What, When, and How of Biomarker Testing in Non–Small Cell Lung Cancer

Author: Gregory L. Riely MD 1
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  • 1 Presented by Gregory L. Riely, MD, Department of Medicine, Memorial Sloan Kettering Cancer Center, New York, New York.
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Biomarker testing is recommended for all patients diagnosed with non–small cell lung cancer. At a minimum, testing should include the mutations/fusions EGFR, ALK, ROS1, and the protein programmed death ligand-1 (PD-L1), because FDA-approved therapies are available for these alterations. Other actionable molecular findings include RET rearrangements, BRAFV600E mutations, and MET exon 14 alterations. If adequate testing was not performed at treatment initiation, molecular testing should be performed before administration of subsequent lines of therapy. In patients with EGFR-mutant lung cancer, when resistance develops, physicians should seek to identify the T790M mutation using plasma and tissue assays, because osimertinib therapy is available for this mutation.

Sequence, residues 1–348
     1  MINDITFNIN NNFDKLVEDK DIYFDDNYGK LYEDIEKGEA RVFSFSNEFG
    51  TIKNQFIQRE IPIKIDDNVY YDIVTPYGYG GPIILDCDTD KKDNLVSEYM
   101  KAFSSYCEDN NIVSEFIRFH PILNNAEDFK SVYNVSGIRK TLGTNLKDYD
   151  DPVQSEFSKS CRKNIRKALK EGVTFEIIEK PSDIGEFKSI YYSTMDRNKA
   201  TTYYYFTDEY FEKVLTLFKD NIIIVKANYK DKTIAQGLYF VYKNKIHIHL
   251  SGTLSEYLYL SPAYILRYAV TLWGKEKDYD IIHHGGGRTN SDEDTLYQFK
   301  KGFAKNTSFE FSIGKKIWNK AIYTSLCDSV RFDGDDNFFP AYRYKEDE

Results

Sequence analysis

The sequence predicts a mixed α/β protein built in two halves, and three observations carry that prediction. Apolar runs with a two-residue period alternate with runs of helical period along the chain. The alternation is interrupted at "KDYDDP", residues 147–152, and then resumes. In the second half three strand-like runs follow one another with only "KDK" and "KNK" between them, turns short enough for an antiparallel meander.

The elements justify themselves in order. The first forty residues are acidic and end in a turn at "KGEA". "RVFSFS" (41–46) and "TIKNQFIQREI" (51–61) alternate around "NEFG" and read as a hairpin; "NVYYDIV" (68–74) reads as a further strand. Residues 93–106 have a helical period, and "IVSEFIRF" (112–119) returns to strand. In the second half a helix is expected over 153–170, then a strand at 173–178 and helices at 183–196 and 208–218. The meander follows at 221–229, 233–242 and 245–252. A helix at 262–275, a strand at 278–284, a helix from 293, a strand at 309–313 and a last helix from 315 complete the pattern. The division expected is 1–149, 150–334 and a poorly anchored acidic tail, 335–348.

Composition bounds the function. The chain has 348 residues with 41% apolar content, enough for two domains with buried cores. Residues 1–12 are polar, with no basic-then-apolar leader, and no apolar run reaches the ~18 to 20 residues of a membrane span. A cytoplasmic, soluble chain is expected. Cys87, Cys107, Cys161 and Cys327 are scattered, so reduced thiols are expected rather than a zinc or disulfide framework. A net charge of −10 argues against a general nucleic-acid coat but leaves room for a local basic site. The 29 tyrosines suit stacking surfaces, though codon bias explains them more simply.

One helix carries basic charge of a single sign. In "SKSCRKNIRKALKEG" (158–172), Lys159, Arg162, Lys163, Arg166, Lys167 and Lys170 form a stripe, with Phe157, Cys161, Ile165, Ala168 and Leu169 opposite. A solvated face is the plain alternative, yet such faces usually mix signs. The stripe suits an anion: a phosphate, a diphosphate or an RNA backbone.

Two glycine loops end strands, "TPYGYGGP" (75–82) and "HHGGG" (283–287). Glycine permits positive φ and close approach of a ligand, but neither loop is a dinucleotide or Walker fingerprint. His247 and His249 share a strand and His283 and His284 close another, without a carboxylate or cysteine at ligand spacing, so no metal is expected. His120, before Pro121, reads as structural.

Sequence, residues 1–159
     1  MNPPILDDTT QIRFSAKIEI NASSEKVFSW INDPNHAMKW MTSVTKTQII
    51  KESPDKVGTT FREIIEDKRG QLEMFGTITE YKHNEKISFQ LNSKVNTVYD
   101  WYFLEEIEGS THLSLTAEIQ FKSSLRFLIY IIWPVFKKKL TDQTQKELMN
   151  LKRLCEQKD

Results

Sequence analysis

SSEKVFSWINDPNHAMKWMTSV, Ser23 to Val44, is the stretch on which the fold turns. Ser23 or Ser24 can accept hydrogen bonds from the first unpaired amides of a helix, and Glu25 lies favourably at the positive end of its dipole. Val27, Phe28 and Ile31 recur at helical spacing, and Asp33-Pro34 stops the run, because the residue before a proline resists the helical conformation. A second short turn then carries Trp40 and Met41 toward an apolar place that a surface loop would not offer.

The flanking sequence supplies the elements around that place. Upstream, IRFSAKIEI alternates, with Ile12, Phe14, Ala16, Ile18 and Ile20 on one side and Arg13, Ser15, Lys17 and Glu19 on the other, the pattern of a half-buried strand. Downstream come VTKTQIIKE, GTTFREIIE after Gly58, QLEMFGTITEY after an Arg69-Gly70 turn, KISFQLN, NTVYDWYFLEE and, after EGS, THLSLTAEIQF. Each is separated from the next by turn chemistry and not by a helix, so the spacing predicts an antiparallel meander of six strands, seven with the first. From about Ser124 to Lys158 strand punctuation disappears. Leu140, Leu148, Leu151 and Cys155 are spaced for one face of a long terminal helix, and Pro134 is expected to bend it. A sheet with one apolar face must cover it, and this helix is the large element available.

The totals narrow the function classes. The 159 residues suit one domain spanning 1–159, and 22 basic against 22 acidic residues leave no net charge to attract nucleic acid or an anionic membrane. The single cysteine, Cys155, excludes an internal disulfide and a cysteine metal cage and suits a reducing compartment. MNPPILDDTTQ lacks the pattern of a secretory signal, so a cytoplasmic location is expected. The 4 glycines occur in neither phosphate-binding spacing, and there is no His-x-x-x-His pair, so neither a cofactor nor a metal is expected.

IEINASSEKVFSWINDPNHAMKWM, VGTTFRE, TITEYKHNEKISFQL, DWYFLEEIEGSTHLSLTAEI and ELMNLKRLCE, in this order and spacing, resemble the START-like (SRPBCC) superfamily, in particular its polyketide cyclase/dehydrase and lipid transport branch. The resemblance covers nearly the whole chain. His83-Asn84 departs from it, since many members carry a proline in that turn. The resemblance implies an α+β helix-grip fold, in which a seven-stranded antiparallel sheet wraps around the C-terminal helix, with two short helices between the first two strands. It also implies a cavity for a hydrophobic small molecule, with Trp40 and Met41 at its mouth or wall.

Correspondence: Gregory L. Riely, MD, Memorial Sloan Kettering Cancer Center, 300 East 66th Street, New York, NY 10065. E-mail: rielyg@mskcc.org
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